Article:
28 April 1995

A serious look at feed enzymes

ENZYME additives to wheat and barley-based broiler rations have now become commonplace, and their use in turkey feeds is being seriously explored.

"The whole area of enzymes in poultry feed has moved forward dramatically over the past four years," says consultant Chris Belyavin who runs feeding trials for commercial firms at De Montfort Universitys agricultural college in Lincs.

At present all his trial facilities are being used to conduct enzyme feeding trials – two with broilers and one with turkeys. The latest turkey trial with 40 pens each holding 25 BUT T8 hens is assessing the Finnfeeds enzyme Avizyme 1300 in wheat-based turkey diets.

Nutritional value

Mr Belyavin says enzyme additives are claimed to enhance the nutritional value of feed ingredients like wheat, to improve feed conversion rates in table poultry and to significantly raise the condition of litter in poultry houses.

"We have certainly been proving it here," says Mr Belyavin, who estimates that 90% of broiler feed now contains an enzyme of one sort or another. Initially it was thought that enzymes only played a significant role in starter feeds. "But recent trials have indicated a benefit from enzymes in finisher rations too. With turkeys it is less clear," he says. "The main benefits appear to accrue during the first six weeks of life in birds slaughtered at 14-weeks-old."

His views were echoed at a meeting of the UK branch of the World Poultry Science Association at Scarborough, Yorks, in March by Dr Mike Bedford of Finnfeeds International.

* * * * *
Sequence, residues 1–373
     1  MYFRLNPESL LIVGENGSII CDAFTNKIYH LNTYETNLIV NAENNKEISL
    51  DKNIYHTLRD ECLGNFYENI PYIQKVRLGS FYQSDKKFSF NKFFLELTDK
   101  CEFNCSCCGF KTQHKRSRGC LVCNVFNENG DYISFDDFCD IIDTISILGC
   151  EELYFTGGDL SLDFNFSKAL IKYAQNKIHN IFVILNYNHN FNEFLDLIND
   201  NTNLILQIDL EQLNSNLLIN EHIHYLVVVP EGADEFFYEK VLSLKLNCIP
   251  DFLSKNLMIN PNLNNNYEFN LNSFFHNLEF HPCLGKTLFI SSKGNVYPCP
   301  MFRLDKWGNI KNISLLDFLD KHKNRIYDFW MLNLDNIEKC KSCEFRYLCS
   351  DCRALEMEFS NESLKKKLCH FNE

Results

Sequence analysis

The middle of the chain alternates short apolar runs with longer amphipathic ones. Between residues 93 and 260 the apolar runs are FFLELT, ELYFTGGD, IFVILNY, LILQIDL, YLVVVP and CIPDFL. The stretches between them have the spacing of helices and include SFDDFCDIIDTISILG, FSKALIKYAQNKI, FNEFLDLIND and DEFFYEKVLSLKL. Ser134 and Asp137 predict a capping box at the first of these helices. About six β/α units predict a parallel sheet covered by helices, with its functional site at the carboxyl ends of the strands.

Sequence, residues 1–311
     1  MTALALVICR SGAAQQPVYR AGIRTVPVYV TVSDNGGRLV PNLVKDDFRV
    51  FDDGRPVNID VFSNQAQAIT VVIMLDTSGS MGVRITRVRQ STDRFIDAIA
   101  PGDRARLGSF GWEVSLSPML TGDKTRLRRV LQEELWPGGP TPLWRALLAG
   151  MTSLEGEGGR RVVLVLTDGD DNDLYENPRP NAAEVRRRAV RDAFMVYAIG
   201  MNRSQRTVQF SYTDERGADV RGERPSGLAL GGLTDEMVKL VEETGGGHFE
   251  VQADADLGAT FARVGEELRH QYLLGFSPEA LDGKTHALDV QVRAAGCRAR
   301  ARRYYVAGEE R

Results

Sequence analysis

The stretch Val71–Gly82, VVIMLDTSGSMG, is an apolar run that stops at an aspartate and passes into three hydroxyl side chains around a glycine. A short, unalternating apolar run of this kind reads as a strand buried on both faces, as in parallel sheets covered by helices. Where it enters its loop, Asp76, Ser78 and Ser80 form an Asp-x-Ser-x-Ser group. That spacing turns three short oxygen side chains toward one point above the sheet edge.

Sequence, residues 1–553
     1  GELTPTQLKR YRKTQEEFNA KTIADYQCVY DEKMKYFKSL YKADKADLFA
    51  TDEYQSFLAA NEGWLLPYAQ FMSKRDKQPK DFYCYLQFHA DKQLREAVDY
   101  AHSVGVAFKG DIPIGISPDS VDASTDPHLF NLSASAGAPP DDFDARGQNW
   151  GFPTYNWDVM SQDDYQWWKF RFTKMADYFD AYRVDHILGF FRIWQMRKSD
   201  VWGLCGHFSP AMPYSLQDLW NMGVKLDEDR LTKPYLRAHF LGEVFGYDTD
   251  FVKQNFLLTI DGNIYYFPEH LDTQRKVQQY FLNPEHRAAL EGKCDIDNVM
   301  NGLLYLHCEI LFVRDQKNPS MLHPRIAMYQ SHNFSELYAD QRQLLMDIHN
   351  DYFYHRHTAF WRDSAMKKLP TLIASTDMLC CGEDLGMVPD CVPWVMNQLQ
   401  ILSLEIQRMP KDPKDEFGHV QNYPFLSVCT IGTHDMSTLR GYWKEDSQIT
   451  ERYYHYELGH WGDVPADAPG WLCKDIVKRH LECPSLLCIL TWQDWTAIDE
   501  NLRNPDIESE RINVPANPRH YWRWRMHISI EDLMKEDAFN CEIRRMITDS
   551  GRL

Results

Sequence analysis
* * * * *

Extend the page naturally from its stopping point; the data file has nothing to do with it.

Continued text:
Dr Bedford said that although enzymes had been shown to have benificial effects, precisely how they functioned in the intestines of poultry was still debatable. His view was that they reduced the viscosity or "stickiness" of the gut contents of poultry, particularly where the ration contained high levels of wheat or barley.

Sticky litter

"Enzymes are probably used more for their effect on reducing sticky, wet litter than for any other reason alone," said Dr Bedford.

He reported that most broiler growers were now using enzymes in both starter and finisher feeds, that turkey producers were beginning to find enzymes beneficial, and that their use in pig feeds was becoming ever more popular.

"Twenty per cent of our Finnish made enzymes are now going into pig feeds," he said.

Among other firms promoting enzymes for poultry is Trouw Nutrition, which is introducing a new broad-spectrum poultry feed enzyme, Innozym AW, at next months Pig and Poultry Fair at the National Agricultural Centre on May 10 and 11. &#42

Chris Belyavin checks the litter condition of one of his feed enzyme trials.